IBM, Freescale Consolidate Power

 
 
By John G. Spooner  |  Posted 2006-02-06 Print this article Print
 
 
 
 
 
 
 

The two chip makers will collaborate in an effort to boost their Power architecture chips and enter new markets.

IBM and Freescale Semiconductor aim to boost the Power processors architecture by aligning their chip design efforts. Senior executives at the two companies announced Feb. 6 an alliance under which they aim to create a common power architecture instruction set and align their chip road maps.
Freescale will also join Power.org, the open Power processor development organization, designed to further Power chips.
The alliance, which mirrors past efforts by the companies, is designed to bolster their current positions—IBM is particularly strong in enterprise computing and also game systems, while Freescale is dominant in networking, communications and markets such as automobiles—and to more energetically pursue new markets. But instead of serving one customer, they hope to serve many, particularly in the consumer electronics space. Going forward, "We are going to have engineers working together. In fact, we have had engineers working together throughout the years to maintain some level of compatibility," Michel Mayer, CEO of Freescale, said in a joint press conference. However, "We may very well find spaces where it is to the benefit of our customers for us to align and do joint [processor development] work." Indeed, IBM and Freescale—then Motorolas semiconductor arm—at one time pitched in to design PowerPC chips for Apple Computer. But, over time, their alliance petered and their interactions were much less involved. IBM pursued high performance servers, set up a chip design and foundry service, licensed several of its PowerPC designs, and found new business from game console makers Nintendo, Sony and Microsoft. Freescale continued to pursue networking and automotive. About half of the worlds automobiles will have a PowerPC chip somewhere inside them in 2007, Mayer said. But they also received a blow in losing Apple, which was still one of their highest-profile processor clients, to Intel. The computer maker began moving to Intels x86 chips earlier this year and plans to switch over fully by mid-2007. Click here to read one IBM executives response to Apple moving to Intel chips. But Mayer and John Kelly, IBMs senior vice president of technology and intellectual property, both downplayed the loss, saying it freed up resources to pursue other interests, including the budding market for digital gadgets inside the consumer electronics space. "You never like to lose a customer," Mayer said. However, "It was not a good use of our resources to compete with Intel. We let AMD do that. They do that well." Whereas the companies will work together more closely, they will also endeavor to work more with third parties. Another part of their alliance includes a commitment to do joint work on software. There, they will establish a formal effort to foster running the Linux operating system on Power chips. They will also collaborate with others as members of Power.org. IBM established Power.org in late 2004 after making a move to make its Power architecture more open. Open chips, the company maintains, can foster performance gains by improving the design of overall systems, because numerous parties can work more closely together on hardware, software and tuning. Power.org serves as a virtual community around the architecture. It can provide device makers with a Power-based processor core, then allow them to add various elements of their own or from third parties, and secure device design and manufacturing services, thus avoiding the need to create systems from the ground up. But Power.org is also charged with steering Power processor technology, particularly no that Freescale is onboard. Upon joining, the chip maker was granted founding member status inside Power.org. "We intend to leverage that open community as a platform to collaborate with IBM and others," Mayer said. By joining, Freescale will be able to participate in things such as Power.orgs Power Architecture Advisory Council, which manages the roadmap for the chip architecture, and makes changes based on member feedback. The "committee takes input, decides on changes and brings it back to community," Kelly said. "We will not let the architecture be fractured such that applications and clients are dealing with many different types of architectures. We are controlling it so that it doesnt become a multi-headed monster." Meanwhile, at the outset, the alliance isnt going to change much for existing IBM or Freescale products or the customers who use them. IBM will announce more details on its Power6 server processor, for example. The two companies will announce more details on their alliance, including their plans for products, at a later date, the two executives said. Although Mayer indicated that Freescale may not license the Cell chip, created by IBM, Sony and Toshiba for game consoles and other computing and consumer electronics devices. Freescale may, at some point, develop complementary chips, however, he said. Check out eWEEK.coms for the latest news, views and analysis on servers, switches and networking protocols for the enterprise and small businesses.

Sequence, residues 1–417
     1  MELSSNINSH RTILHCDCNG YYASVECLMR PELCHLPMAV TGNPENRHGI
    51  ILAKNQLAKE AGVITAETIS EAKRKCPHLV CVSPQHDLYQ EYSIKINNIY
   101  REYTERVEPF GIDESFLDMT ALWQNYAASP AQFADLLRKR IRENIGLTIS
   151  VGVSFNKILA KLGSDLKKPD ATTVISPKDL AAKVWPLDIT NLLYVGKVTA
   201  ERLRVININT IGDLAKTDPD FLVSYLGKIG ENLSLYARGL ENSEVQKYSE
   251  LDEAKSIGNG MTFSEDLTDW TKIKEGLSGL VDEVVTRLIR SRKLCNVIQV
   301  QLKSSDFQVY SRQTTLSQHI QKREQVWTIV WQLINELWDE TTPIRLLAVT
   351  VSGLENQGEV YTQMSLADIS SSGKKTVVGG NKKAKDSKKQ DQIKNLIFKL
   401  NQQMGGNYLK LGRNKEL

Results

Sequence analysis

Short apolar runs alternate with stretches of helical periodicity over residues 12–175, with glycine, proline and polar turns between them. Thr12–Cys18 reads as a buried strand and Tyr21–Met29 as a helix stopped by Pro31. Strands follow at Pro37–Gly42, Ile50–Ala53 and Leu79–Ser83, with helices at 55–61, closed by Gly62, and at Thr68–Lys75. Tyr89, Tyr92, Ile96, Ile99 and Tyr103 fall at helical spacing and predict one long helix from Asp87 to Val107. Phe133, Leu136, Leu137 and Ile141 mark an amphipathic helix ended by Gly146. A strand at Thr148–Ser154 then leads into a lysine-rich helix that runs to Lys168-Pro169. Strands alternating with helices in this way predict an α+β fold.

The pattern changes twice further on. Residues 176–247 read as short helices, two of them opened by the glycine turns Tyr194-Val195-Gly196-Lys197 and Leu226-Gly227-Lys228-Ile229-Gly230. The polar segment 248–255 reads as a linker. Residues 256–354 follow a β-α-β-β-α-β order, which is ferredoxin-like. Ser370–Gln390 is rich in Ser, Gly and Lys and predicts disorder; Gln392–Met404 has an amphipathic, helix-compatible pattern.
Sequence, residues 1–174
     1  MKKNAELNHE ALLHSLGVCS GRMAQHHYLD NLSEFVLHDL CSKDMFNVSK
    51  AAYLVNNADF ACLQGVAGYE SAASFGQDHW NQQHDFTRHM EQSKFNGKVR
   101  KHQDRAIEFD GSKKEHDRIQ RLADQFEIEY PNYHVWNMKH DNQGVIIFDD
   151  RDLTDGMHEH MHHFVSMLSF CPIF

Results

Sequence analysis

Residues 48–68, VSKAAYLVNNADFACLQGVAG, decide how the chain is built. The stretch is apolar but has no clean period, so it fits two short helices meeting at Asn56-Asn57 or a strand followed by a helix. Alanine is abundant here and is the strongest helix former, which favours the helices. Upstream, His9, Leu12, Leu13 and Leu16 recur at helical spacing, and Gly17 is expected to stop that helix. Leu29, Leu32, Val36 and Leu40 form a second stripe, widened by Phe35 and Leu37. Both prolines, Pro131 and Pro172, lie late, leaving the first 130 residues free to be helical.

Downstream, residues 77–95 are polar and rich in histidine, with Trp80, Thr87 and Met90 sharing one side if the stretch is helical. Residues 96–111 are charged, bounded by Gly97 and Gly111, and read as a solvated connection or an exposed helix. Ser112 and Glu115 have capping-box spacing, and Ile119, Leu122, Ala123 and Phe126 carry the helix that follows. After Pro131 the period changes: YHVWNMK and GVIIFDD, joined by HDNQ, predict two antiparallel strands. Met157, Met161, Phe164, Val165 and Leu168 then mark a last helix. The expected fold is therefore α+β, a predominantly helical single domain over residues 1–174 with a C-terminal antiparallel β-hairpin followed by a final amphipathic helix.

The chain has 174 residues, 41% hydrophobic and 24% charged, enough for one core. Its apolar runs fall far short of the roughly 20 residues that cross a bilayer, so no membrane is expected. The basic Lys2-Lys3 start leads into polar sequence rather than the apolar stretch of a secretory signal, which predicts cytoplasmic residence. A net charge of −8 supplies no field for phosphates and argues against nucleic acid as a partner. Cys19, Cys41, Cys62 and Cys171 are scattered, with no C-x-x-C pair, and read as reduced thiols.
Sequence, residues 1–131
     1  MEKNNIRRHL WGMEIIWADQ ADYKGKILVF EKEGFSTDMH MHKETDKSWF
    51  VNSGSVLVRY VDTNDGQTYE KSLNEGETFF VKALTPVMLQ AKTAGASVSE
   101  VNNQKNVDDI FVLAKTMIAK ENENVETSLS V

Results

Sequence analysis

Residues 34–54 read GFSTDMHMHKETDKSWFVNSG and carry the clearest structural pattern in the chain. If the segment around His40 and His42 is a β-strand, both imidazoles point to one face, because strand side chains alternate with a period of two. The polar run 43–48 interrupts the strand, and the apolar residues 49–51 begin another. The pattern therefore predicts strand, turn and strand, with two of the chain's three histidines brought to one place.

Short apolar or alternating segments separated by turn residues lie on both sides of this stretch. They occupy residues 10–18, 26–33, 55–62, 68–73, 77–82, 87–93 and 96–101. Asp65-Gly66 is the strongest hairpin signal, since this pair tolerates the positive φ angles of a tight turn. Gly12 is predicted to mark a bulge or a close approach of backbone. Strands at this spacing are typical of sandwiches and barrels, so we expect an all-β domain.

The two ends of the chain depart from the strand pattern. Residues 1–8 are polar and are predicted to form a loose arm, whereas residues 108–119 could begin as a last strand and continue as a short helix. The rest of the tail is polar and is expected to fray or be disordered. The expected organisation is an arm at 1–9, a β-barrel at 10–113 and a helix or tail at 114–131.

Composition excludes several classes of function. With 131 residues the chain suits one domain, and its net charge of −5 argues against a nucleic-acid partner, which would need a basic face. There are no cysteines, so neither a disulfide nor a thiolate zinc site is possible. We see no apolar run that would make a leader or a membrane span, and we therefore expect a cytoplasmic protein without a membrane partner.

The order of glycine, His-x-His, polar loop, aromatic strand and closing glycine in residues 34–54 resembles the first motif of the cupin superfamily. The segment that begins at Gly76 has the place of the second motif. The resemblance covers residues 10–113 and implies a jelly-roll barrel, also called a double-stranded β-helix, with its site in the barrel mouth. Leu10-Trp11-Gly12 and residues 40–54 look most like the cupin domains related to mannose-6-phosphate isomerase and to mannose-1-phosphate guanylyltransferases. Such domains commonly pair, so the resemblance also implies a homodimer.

John G. Spooner John G. Spooner, a senior writer for eWeek, chronicles the PC industry, in addition to covering semiconductors and, on occasion, automotive technology. Prior to joining eWeek in 2005, Mr. Spooner spent more than four years as a staff writer for CNET News.com, where he covered computer hardware. He has also worked as a staff writer for ZDNET News.
 
 
 
 
 
 
 

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